How is Creativity Important in Science?

Theo Hawkins, Year 11, King’s College School Wimbledon

Psychologists, historians, sociologists, and philosophers have attributed scientific creativity to genius, logical method, and the influence of society. Patenting organisations have measured it in terms of originality and usefulness. Scientists themselves have considered the topic, such as when, in 1801, Humphrey Davy (1778–1829) lectured on the original subject of Galvanism and claimed that science ‘bestowed’ on humanity ‘powers which may almost be called creative’. Doubtless, he had in mind his literary creativity and friendship with Coleridge as much as his scientific imagination, with a nod perhaps to Coleridge’s comment that if Davy ‘had not been the first chemist, he would have been the first poet of his age’. Whilst Davy’s literary creativity is debatable, given that his proofreading of the second edition of Wordsworth’s ‘Lyrical Ballads’ was littered with errors, his scientific creativity can be measured by the criteria above. 

Davy certainly fits the genius mould as a scientific innovator, entitled ‘the Newton of chemistry’, who isolated potassium, sodium (both in 1807) and barium (in 1808), discovered the elemental nature of chlorine (in 1810) and iodine (in 1811) and invented the new field of electrochemistry.

It could be argued that he used his intuition and imagination to find these scientific creative solutions. Psychologists, such as Feist, Gorman, and Simonton, concur that scientific creativity is shown in leaps of imagination that make unexpected associations. Davy’s scientific discoveries may well have come from creative chaos, rather than a logical and linear process. Certainly, he fulfills Simonton’s hypothesis that creativity requires ‘you to go where you don’t know where you’re going’, as his maverick experimentation with nitrous oxide (laughing gas) led both to a near death experience and to its potential as an anaesthetic. Davy had the creative ability to ‘think outside the box’ and to connect experiences imaginatively to solve problems. The young Cornish boy observing the rapid decay of Hayle’s floodgates, due to the contact between copper and iron under the influence of seawater, would many years later, with the assistance of Faraday, investigate Galvanic corrosion and attempt to solve the problem of corroded copper sheathing on Royal Navy ships.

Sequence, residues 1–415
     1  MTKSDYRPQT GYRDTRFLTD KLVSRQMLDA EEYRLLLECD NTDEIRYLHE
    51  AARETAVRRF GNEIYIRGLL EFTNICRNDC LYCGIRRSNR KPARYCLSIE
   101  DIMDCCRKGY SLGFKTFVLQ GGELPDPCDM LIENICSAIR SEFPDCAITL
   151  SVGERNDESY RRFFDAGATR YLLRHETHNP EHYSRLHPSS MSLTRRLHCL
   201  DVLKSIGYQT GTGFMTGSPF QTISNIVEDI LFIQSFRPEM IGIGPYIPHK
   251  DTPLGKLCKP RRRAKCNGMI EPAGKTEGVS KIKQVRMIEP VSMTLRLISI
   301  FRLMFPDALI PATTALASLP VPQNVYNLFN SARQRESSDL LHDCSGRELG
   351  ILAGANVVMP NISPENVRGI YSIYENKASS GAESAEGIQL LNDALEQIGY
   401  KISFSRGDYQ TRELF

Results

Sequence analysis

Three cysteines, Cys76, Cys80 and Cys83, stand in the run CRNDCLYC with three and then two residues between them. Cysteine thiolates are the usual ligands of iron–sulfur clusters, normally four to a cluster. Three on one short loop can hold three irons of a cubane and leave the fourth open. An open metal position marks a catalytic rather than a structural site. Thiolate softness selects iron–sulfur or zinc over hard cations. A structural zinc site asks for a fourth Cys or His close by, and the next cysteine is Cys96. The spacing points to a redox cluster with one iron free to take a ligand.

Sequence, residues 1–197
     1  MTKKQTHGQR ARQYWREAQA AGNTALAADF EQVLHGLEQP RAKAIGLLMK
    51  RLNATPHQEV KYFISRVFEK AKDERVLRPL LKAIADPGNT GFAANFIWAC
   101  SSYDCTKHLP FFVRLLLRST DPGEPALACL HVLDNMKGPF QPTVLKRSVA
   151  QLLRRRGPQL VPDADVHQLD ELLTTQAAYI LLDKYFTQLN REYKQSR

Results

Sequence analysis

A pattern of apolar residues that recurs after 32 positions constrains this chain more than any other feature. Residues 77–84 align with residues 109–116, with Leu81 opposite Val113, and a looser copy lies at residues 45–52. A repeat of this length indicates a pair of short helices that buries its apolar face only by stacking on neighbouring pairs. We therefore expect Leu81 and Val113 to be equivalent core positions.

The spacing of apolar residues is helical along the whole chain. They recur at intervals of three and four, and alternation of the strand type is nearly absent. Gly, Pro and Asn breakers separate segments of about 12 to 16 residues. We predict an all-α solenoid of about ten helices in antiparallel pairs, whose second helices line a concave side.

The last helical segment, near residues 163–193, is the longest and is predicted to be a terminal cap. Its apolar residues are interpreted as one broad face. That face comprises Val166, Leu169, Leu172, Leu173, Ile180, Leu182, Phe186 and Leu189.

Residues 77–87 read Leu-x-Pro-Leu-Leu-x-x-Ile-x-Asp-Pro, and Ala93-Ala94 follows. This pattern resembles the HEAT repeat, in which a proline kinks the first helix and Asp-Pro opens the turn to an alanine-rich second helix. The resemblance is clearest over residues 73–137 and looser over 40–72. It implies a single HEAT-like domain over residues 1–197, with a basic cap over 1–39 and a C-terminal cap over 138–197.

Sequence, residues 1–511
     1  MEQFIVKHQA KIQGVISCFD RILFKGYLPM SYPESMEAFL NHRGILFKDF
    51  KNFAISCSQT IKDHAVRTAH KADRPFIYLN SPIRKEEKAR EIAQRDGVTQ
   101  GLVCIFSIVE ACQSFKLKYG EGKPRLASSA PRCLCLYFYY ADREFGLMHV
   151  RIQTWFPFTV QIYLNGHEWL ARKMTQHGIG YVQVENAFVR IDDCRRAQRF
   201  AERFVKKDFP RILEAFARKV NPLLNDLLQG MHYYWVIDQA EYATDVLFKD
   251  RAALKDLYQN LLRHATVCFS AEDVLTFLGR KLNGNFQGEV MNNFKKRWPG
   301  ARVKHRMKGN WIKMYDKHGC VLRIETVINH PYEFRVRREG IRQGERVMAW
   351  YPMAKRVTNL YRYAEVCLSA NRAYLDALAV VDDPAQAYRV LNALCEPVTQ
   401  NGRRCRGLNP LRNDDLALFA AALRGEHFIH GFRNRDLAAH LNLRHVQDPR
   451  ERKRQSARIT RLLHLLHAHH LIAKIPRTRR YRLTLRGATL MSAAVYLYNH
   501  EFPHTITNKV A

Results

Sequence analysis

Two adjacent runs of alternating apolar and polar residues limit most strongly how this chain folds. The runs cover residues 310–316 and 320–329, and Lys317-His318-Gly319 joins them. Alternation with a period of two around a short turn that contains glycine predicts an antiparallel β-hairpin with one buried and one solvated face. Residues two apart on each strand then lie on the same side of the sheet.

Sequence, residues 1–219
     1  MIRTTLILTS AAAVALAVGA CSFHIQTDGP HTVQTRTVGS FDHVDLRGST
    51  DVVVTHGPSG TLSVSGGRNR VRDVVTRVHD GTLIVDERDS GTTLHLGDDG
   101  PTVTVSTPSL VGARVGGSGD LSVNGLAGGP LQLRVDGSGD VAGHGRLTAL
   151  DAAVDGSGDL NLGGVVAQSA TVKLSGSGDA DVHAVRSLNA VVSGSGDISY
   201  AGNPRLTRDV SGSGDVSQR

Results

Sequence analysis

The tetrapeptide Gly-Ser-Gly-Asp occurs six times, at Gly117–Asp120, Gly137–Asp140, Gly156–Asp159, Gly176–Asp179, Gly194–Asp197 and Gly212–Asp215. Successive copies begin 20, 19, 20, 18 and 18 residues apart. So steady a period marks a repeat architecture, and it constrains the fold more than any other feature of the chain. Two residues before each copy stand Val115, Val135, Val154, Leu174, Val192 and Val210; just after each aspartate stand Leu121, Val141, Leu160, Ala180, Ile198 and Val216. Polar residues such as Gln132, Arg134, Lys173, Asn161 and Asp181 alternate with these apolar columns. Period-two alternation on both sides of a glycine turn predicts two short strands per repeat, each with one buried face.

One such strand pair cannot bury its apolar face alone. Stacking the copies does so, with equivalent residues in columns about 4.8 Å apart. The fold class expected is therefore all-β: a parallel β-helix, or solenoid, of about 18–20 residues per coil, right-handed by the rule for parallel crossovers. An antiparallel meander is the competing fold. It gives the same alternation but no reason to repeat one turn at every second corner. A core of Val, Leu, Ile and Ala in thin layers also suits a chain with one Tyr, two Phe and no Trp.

Davy’s scientific creativity was not simply imaginative, but also an exercise in problem-solving by applying logic. This is not like the logic of the computer-generated experiments of the psychologist Herbert Simon, which used ‘discovery programs’ to simulate great scientific discoveries, rather the hard work and routine thinking needed to shift from an imaginative thought to a developed product. When Davy’s essays with Beddoes in 1799 on ‘the generation of oxygen gas, and the causes of the colours of organic beings’ were criticised, he regretted publishing these ‘dreams of misemployed genius which the light of experiment and observation has never conducted to truth’. In so stating, he identified that ‘genius’ and ‘dream’ (ie imagination) were not enough to be creative, but needed ‘truth’ (logical deduction) to become innovative (or ‘useful’ as the patents definition might describe it). With determination, he refined and improved his experimental techniques, so when he published his ‘Researches, Chemical and Philosophical’ in 1800 the response was far more positive. 

A sociologist would be quick to note that Davy’s collaboration with Beddoes was proof that creativity in science can stem not only from lone genius, but also from collaboration. It is true that the spirit of the times (the ‘zeitgeist’) sometimes makes a scientific discovery inevitable as there is a store of shared knowledge from which the answer will emerge and the number of scientists addressing the issue will also eventually result in a creative solution. This idea that an invention is simply ‘in the air’ waiting for anyone to pick it up could explain Davy’s priority dispute of 1816–1818 with George Stephenson over the invention of the miners’ safety lamp. Undoubtedly, Davy met the criteria by which scientific creativity is judged – having the imagination of a poet and the genius of a scientific innovator. His real contribution, however, is that he gives hope to all scientists of every skill and age, since his creativity was shaped by hard work, the application of logic, by drawing conclusions from acquired knowledge, and by forging cooperative ventures. 

Runner-up for the Schools Science Writing Competition, Hilary Term, 2021

Image credit: David Clode via Unsplash